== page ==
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Athabasca closes sale of Alberta stake to PetroChina for $1.184-billion

An aerial photograph taken above the Athabasca Oil Sands near Fort McMurray, Alberta, Canada, on Wednesday, June 19, 2014.


PetroChina Co. Ltd. has agreed to pay Athabasca Oil Corp. $1.184-billion for its stake in the Dover oil sands project in northern Alberta, ending more than four tumultuous months during which the deal got caught up in uncertainty surrounding a political scandal in China.

The proceeds for Athabasca's 40-per-cent interest in the project came with a wrinkle., however

PetroChina is making the payments in four instalments over two years, with nearly half the total in the form of promissory notes. Athabasca gets $600-million in cash immediately.

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The company insists the payment plan will not hinder its financial capability as it moves into its next chapter of developing the liquids-rich Duvernay shale gas formation and another oil sands project called Hangingstone. The notes are secured by HSBC Canada and pay higher interest than the company's bank accounts.

Athabasca's route to the proceeds could hardly have been more complicated, and showed how a mid-size Canadian company can get swept up in events outside of its control and well beyond its home base. It started about a year and a half ago, when the Fort McKay First Nation disputed the Dover project's proximity to its traditional lands. That led to a public hearing, an eventual deal, then a delayed government approval. The green light triggered PetroChina's exercise of an option in April to buy Athabasca's stake.

However, the shares came under severe pressure as the proceeds were held up amid a broad corruption purge in China that had ensnared some executives tied to the state-owned company's Canadian operations. There is no indication of any misdeeds regarding the Dover transaction.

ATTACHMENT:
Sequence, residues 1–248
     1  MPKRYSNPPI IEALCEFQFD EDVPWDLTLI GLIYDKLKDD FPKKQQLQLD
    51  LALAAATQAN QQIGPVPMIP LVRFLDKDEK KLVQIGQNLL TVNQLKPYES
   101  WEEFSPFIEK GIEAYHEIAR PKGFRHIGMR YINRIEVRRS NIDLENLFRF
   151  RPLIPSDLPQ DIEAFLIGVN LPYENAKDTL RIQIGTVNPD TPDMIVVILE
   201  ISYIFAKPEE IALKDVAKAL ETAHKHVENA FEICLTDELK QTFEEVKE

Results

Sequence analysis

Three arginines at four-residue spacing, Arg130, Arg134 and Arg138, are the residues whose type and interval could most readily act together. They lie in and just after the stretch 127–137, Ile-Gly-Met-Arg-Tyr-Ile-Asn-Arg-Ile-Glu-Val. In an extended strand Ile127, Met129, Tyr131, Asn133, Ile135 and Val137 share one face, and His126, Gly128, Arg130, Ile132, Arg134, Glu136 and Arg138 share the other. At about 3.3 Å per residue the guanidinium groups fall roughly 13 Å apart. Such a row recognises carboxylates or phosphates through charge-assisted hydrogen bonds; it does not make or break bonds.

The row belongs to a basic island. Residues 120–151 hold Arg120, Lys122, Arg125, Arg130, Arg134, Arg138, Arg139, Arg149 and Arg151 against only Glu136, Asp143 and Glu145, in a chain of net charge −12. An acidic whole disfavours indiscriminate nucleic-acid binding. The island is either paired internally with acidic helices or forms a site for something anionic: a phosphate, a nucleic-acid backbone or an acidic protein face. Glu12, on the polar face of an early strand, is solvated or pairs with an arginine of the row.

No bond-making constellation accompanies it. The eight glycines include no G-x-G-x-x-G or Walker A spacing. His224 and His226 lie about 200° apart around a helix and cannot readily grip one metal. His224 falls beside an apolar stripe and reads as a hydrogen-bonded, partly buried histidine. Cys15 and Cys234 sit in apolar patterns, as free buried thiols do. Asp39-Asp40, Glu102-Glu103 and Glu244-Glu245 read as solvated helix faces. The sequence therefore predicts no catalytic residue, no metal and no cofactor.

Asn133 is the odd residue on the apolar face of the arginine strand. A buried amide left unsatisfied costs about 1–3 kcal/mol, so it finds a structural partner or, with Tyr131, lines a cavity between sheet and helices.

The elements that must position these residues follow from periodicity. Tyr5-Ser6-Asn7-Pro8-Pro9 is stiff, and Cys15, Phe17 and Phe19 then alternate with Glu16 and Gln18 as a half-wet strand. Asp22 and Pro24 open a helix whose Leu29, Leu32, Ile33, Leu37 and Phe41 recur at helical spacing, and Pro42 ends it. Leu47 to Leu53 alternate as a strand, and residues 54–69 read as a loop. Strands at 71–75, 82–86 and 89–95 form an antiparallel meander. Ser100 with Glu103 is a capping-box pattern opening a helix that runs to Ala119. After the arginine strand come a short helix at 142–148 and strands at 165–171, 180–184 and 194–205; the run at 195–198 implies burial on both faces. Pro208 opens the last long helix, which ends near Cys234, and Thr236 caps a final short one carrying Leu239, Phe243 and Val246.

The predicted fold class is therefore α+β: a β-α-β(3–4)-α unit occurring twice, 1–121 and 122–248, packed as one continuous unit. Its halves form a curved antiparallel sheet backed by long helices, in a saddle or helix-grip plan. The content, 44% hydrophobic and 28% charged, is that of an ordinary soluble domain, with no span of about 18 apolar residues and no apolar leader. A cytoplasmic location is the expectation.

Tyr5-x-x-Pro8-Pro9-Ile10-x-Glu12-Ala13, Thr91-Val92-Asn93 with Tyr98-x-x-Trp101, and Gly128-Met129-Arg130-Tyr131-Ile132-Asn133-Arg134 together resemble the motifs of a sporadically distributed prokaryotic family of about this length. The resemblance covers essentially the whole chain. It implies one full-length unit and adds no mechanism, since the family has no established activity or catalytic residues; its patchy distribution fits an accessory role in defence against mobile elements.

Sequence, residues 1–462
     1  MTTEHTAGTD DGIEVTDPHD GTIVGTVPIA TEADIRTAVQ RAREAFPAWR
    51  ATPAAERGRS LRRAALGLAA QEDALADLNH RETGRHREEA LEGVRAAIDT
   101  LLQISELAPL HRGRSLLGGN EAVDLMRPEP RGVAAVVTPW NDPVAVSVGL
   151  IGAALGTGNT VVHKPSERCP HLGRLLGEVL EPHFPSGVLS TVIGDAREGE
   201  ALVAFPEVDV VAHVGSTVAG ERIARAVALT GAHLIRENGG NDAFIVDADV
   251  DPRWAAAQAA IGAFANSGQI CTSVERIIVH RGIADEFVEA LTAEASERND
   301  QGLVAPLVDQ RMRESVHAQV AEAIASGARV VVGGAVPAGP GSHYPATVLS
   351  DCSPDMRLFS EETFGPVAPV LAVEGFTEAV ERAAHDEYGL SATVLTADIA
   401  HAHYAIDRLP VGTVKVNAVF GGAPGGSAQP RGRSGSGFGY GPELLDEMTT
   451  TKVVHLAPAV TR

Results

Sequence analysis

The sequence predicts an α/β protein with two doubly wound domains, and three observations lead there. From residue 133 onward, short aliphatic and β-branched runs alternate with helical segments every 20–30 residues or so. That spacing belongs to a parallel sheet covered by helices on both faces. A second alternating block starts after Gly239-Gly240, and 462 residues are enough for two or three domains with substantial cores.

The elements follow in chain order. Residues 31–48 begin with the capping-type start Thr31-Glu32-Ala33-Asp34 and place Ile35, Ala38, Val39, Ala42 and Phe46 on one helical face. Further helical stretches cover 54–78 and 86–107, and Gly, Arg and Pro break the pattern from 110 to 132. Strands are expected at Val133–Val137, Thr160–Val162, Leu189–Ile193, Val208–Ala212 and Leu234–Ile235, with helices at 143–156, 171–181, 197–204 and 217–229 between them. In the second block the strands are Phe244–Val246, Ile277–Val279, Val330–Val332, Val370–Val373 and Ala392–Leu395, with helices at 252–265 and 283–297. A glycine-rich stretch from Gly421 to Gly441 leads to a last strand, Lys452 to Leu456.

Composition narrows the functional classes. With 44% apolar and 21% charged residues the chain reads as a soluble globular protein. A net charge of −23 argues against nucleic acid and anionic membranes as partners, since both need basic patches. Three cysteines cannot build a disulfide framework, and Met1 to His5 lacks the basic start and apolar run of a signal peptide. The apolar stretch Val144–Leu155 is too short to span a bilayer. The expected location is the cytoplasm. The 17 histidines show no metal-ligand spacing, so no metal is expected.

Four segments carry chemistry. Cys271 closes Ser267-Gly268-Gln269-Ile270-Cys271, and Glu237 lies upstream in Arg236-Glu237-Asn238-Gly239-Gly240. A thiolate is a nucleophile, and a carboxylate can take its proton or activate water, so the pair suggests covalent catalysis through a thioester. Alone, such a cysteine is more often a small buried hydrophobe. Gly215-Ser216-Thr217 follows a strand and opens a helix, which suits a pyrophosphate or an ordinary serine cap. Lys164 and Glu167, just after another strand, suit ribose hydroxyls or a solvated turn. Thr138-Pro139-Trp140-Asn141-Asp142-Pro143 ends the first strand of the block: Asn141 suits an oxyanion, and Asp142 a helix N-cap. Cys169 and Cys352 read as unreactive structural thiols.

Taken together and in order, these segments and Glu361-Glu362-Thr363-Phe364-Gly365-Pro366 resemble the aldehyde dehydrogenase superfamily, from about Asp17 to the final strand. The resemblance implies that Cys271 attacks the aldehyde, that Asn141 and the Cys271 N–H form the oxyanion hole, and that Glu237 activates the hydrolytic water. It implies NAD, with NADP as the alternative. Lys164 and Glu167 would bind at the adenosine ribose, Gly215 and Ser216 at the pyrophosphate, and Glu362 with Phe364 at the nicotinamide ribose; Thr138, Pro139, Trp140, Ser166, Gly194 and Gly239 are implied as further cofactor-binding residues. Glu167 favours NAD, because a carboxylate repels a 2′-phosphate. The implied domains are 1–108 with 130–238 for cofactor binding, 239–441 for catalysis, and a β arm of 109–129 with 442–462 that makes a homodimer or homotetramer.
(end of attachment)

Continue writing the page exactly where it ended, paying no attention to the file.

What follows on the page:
"This deal has been so complicated. I think we have gone through all of the possible problems you can think of," Sveinung Svarte, Athabasca's chief executive, said in an interview.

The issues "all played an important part in delaying it. I never really saw that coming, but, anyway, that happens in deals like this. So it does indeed feel good that we have now reached this milestone."

He had previously expressed frustration with frequent questions from analysts, investors and reporters about when the money would arrive. Some investors feared that the deal could unravel as PetroChina re-examined it.

Athabasca shares rose 4.4 per cent on the Toronto Stock Exchange on Friday after the company disclosed the payment arrangement.

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"This resolves an awful lot of the question marks around how they are going to capitalize some of the projects and drilling programs," said Brook Papau, analyst with ITG Investment Research. "This was obviously the biggest overhang on the story, and now you have a resolution of that."

Athabasca has earmarked proceeds to fund other developments, and the beefier balance sheet is expected to aid in efforts to attract a partner for its extensive lands in the Kaybob area of the Duvernay.

The region is estimated to have huge reserves of liquids-rich natural gas, but it still requires much tricky and expensive drilling to confirm the resources. Some of the world's deep-pocketed oil majors, including Chevron Corp. and Royal Dutch Shell PLC, as well as Encana Corp. are also plying acreage there.

The three promissory notes total $584-million and mature in March, 2015, August, 2015, and August, 2016. Mr. Svarte said the separated payments would not restrict its capital spending.

"It's not really a problem for us at all when it comes to spending on top of that," he said. "We consider this a no-risk financial instrument." He will talk to investors about the company's plans next week, and suggests that he intends to remain running the company following the months of complications.

"We want to build it together as a team here. It is a good thing – when you go through tough times, you build a closer relationship as a team than ever, so I think that's the idea," Mr. Svarte said.

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